So why are VC’s not looking?
WordPress is probably the most underrated and overlooked opportunity in the software world right now. In an age of billion dollar valuations for startups that aren’t turning a profit, it boggles the mind that an entire industry that generates billions of dollars in sales is being ignored by Venture Capital firms.
About the only segment in the WordPress world where venture capital has staked a claim is hosting – an area that requires large capital investments and that has little cash-flow leverage.
Software (plugins), has almost no VC investments – even though the operational and cash-flow leverage available in software is massive (as is normal for successful software companies)!
The lack of attention is obvious when you realize that you can probably buy the top 150 non-Automattic WordPress plugin companies for less than twenty million dollars! The only non-Automattic WordPress company that is worth 100+ Million or so is Envato – a marketplace service based in Australia that specializes in selling low-priced WordPress plugins and other design related products and services.
Users spend millions of dollars every year on plugins – many of them with features that do not come close to matching their SAAS counterparts.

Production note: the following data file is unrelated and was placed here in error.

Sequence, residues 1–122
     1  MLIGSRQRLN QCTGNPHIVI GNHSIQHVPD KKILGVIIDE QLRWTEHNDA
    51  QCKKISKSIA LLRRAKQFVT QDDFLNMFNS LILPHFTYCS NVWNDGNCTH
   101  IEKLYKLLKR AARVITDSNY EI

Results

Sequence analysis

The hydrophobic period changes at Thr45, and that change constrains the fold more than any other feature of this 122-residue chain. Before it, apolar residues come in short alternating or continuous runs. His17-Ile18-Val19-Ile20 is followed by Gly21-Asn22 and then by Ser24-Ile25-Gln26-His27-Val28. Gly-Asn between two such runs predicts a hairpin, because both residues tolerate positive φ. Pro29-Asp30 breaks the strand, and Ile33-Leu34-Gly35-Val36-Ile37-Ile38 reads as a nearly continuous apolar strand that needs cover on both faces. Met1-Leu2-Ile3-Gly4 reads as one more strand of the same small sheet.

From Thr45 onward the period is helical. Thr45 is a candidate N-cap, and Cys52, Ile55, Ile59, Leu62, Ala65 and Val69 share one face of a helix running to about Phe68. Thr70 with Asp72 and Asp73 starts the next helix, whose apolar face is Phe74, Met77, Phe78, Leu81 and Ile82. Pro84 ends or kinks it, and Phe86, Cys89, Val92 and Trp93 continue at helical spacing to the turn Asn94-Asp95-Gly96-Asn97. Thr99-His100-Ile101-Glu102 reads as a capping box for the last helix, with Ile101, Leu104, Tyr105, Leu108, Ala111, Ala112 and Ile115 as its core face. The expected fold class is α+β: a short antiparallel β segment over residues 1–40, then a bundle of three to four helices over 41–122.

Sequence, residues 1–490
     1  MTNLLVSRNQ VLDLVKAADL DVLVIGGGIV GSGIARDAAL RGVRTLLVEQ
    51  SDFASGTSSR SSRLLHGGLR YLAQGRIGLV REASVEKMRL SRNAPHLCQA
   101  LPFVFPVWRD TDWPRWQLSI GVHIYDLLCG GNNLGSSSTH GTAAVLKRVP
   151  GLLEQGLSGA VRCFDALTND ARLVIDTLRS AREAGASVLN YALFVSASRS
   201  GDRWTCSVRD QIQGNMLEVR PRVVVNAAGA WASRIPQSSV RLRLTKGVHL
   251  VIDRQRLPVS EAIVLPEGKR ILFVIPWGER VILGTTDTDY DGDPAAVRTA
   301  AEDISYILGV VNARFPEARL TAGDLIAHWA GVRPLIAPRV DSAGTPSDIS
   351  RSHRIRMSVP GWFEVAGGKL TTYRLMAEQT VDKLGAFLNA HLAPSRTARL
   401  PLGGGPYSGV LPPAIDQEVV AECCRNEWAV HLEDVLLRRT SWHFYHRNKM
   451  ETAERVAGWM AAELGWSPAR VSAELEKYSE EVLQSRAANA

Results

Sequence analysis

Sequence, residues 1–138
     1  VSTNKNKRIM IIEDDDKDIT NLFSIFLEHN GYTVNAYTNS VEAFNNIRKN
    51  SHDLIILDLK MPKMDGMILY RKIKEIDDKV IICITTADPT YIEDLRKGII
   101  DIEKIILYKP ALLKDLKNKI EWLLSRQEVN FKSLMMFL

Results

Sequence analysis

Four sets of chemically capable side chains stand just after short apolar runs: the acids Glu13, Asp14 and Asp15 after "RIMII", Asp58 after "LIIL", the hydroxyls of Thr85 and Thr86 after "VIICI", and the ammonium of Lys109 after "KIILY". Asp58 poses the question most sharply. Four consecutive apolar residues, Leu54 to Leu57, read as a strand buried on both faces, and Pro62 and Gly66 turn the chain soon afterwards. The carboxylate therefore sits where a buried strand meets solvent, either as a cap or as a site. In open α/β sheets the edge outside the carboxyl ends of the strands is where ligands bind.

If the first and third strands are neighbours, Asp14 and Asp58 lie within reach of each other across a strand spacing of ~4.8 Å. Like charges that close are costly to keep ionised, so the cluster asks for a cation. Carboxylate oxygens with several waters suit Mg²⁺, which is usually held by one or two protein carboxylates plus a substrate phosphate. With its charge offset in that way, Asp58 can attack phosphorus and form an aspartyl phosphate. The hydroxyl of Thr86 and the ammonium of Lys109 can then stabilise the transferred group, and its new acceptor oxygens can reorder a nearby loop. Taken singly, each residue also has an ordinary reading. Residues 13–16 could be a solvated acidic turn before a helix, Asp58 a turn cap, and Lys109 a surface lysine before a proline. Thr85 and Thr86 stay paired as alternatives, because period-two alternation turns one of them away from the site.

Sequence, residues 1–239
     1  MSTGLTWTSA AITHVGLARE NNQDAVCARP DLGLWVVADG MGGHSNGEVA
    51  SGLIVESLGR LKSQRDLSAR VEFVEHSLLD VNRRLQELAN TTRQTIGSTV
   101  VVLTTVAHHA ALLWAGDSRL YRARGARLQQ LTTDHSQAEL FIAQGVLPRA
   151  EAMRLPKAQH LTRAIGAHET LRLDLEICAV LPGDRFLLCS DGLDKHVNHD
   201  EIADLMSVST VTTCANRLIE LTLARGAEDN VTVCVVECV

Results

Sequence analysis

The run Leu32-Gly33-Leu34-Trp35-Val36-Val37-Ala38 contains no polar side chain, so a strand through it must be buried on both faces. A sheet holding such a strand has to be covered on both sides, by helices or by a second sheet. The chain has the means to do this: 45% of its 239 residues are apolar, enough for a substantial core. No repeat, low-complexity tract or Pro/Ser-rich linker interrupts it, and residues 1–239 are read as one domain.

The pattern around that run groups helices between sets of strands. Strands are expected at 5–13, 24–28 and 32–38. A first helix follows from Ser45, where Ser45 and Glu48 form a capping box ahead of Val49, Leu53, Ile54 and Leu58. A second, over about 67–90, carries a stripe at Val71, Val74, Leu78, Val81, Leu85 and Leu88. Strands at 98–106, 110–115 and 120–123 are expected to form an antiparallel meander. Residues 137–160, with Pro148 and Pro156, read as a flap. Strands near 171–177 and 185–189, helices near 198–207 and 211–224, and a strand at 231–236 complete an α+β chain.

And many users install SAAS products because they can’t find plugins that meet needs for functionality, quality, ease-of-use and design.
Which means that millions of dollars flow out of the WordPress ecosystem every year – money that users would prefer to spend on WordPress plugins – if only they could find ones that matched the functionality and ease-of-use of those SAAS products!
In other words, many areas of WordPress are crying out for world-class software / plugins. But most plugin companies are simply too under-capitalized to be able to provide what’s needed.
So which areas present the most opportunities?
The basic e-commerce / shopping cart functionality is already being met adequately with WooCommerce and Easy Digital Downloads. But other areas are woefully under-served. These include:
- Project Management
- Client Areas
- Customer Experience
- Back-end services such as HR and other segments of ERP
And because there is a massive amount of talent available, a couple of million dollars of investment would go much further than one might expect.
There are two big risks in investing in WordPress software:
WordPress.org – anyone that really wants to sell plugins need to have a free version listed on WordPress.org. But, because there is no accountability, any business can wake up and realize that their plugin has been black-listed – which would dry up 90% of leads overnight. Most VCs would throw-up at that kind of risk and I posit that this is likely the biggest reason there is little VC activity in WordPress software.
Open Source – everything you do is open source. So nothing is proprietary – which means that every dime you spend on writing code can be used by your competitors. But, then again, the biggest software acquisition ever was an open-source company – IBM buying Red Hat for BILLIONS!
Any VCs out there want to take advantage of this opportunity? Or just want to learn more? Then lets talk!